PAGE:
Anaesthesia 1000 Years Ago
A. A. AI-Mazrooa, R. E. Abdel-Halim*
Saudi Medical Journal 1991; 12(5): 351-353
In this paper we review some of the medical texts written by Muslim scholars during the period from the ninth to the fourteenth century and present evidence that anaesthesia monitoring and resuscitation were practised by Muslim scientists more than 1000 years ago.
Little is known about the history of anaesthesia in the period of more than I000 years between Graeco-Roman times and the sixteenth century when the renaissance started. In Europe, that period is usually referred to as the Dark Ages when no progress was made in medical science.1-4,7 However, the situation in the East was different. 2,5,6,7 Therefore, in this paper, the development of anaesthesia during that period is studied by reviewing the following books: Al-Hawi fit-tibb, ( The Continence), 8 Al-Qanon fit-tibb ( The Cannon of Medicine), 9 Al-Tasrif, 10 Al-Mukhtarat fit-tibb, 11Al-Omda Fil Al-Jiraha, 12 and Al-Tayseer 13 by Rhazes, Avicenna, Albucasis, A1-Bagdagi, Ibn El Quff and Ibn Zuhr respectively. Those authors were medical scholars who lived in the period between the ninth and the fourteenth centuries.
Their contribution to pain relief has been recently evaluated. 14 In this paper we will evaluate their contributions to anaesthesia and resuscitation.
Documentation of the use of AI-Murquid
Both of the historians, Ibn Khalkan15 in the thirteenth century, and Ibn Katheer16 in the fourteenth century, documented that Urwa Ibn AI-Zubair in the beginning of the eighth century developed leg gangrene for which amputation was required. The doctors of Khalifa Al-Waleed Ibn Abdel Malek in Damascus offered him Al-Murquid to be put to sleep for the operation.
Literally, the word 'Al-Murquid' in Arabic means a drug that induces deep sleep. Evidence about the popularity of this anaesthetic comes from finding entries about Al-Murquid in four general-purpose Arabic language dictionaries compiled
during that era. 17-20
Also in the literary book Sayd Ul-Khatir, Ibn ul Joozi in the twelfth century referred to the anaesthetizing effect of Bhanj. 21
Al-Murquid was used either by ingestion or inhalation or rectally, 14 In the form of infusion, they used particular types of solanum, cannabis, opium and mandrake by ingestion. The last three drugs were also administered rectally on a plug which had to be changed hourly. On the other hand, opium, mandrake and henbane were also used by inhalation in the form of odorants. As wild lettuce has a mild soporific effect it was used, whether fresh or boiled, as an adjuvant to any of the previous ones or in cases of insomnia. 14 They not only precisely determined the required dose of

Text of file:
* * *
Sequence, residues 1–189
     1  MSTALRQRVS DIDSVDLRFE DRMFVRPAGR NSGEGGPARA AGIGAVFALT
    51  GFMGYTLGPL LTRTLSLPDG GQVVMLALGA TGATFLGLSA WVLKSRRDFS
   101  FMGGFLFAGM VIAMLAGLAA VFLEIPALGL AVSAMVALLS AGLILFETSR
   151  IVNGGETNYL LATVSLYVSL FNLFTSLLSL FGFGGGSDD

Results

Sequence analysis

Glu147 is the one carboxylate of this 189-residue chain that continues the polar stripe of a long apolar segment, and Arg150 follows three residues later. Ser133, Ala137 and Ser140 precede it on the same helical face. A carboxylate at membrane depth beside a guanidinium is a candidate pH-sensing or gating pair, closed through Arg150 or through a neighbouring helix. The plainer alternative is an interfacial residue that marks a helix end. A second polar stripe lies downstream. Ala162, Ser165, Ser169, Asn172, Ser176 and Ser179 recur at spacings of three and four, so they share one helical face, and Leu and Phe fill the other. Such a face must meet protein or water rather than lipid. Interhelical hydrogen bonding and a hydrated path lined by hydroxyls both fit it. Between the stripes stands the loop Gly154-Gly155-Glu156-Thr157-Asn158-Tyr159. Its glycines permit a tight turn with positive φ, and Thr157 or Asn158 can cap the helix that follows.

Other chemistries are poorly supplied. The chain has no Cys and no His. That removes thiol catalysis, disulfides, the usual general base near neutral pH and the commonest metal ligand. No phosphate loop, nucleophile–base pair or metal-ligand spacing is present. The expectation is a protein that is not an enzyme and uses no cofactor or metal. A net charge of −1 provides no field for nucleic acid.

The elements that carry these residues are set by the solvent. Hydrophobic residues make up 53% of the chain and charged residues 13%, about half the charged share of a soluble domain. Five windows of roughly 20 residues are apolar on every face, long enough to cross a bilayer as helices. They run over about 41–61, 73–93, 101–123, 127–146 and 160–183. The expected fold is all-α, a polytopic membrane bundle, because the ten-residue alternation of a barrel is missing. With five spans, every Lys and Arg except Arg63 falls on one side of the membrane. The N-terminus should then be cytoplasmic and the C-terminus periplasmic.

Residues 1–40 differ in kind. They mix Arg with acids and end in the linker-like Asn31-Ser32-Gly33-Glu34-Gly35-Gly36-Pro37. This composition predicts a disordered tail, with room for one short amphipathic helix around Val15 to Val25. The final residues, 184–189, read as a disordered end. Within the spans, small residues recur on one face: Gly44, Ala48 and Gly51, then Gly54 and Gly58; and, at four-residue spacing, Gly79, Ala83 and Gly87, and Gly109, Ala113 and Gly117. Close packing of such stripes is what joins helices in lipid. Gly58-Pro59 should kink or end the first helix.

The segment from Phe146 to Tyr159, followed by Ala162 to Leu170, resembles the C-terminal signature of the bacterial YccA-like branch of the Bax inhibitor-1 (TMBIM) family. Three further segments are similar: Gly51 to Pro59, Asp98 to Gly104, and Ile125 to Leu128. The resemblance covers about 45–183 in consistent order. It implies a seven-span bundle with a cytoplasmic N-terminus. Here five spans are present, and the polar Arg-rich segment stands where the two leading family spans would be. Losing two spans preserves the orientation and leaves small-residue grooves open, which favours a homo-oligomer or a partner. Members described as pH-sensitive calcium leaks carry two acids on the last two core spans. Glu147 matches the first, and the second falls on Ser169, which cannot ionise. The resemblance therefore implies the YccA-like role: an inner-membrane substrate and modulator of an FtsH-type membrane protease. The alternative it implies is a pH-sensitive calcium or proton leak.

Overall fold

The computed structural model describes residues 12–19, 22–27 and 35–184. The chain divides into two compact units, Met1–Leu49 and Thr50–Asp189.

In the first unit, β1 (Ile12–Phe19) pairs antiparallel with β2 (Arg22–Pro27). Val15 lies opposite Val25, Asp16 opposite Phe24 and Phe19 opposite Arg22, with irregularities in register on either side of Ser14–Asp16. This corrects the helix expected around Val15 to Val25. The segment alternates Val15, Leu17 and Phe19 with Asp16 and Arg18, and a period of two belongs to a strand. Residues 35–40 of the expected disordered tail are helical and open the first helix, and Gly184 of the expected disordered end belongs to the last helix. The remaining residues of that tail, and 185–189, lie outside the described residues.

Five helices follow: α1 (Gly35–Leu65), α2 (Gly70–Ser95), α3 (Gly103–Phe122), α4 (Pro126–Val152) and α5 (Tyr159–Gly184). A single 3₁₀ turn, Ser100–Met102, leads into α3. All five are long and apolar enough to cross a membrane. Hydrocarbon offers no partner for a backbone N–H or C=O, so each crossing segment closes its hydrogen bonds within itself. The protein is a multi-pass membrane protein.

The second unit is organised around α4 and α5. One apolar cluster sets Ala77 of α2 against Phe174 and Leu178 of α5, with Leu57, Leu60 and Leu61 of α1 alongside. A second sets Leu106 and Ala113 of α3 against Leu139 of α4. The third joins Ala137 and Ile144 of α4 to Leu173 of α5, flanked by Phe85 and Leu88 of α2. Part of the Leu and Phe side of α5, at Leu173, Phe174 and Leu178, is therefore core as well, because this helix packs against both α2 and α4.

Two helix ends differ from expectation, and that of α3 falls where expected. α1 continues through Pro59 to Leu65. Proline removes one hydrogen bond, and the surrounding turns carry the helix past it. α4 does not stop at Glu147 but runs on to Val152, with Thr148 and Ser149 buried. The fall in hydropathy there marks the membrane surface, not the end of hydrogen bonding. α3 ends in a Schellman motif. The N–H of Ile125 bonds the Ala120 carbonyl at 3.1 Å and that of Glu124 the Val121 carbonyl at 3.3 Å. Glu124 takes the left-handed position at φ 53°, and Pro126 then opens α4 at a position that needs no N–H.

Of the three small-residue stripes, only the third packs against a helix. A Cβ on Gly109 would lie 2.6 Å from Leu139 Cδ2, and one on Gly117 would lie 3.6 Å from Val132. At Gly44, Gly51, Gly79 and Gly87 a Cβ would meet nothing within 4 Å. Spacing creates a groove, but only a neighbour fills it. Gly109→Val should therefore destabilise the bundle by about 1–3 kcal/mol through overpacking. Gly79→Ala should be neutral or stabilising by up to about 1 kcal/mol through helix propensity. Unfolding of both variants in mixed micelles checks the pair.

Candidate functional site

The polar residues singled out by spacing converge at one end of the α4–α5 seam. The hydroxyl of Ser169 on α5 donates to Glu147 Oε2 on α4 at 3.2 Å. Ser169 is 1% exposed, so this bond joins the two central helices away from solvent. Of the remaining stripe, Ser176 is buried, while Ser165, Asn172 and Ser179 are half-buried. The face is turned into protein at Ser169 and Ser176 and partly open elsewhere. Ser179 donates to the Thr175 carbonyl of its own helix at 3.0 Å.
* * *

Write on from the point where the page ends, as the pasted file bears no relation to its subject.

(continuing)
each drug but also they were able to fix the length of time which the anaesthesia was to last with great precision, for example, Ibn Sina9 gave a dose of one 'mithkal' of mandrake for 3-4 hours of general anaesthesia.
However, Ibn El Quff12 most probably in an attempt to reduce the dose used, and hence decrease the risks of toxic effects, advised care on the part of the surgeon to use operative techniques that minimized pain.
The knowledge and practice of anaesthesia reached its peak in the beginning of the fourteenth century as evidenced in Ibn El Quff's book on surgery Al-Omda Fil AI-Jiraha12 (the mainstay in surgery). Unlike Paulus of Aegineta, 22 Ibn El Quff gave
detailed information in his book on the phenomenon of pain and clearly stated that pain relief during surgery should be the responsibility of a second medical man other than the surgeon performing the operation. Al- Tabaaei (meaning the physician) was
to look after pain relief by giving AI-Murquid to allow Al-Jaraaehi (meaning the surgeon) to perform the operation. This represents the first report, in the literature, on the role of the anaesthetist.
In that era they also realized the importance of monitoring during anaesthesia as, according to Sigrid Hunke23 a third medical man used to be present putting a finger on the pulse during the operation. It is interesting to note this method of
monitoring, by palpating the pulse is still practiced nowadays and is referred to in anaesthesia text-books as a simple non-invasive method.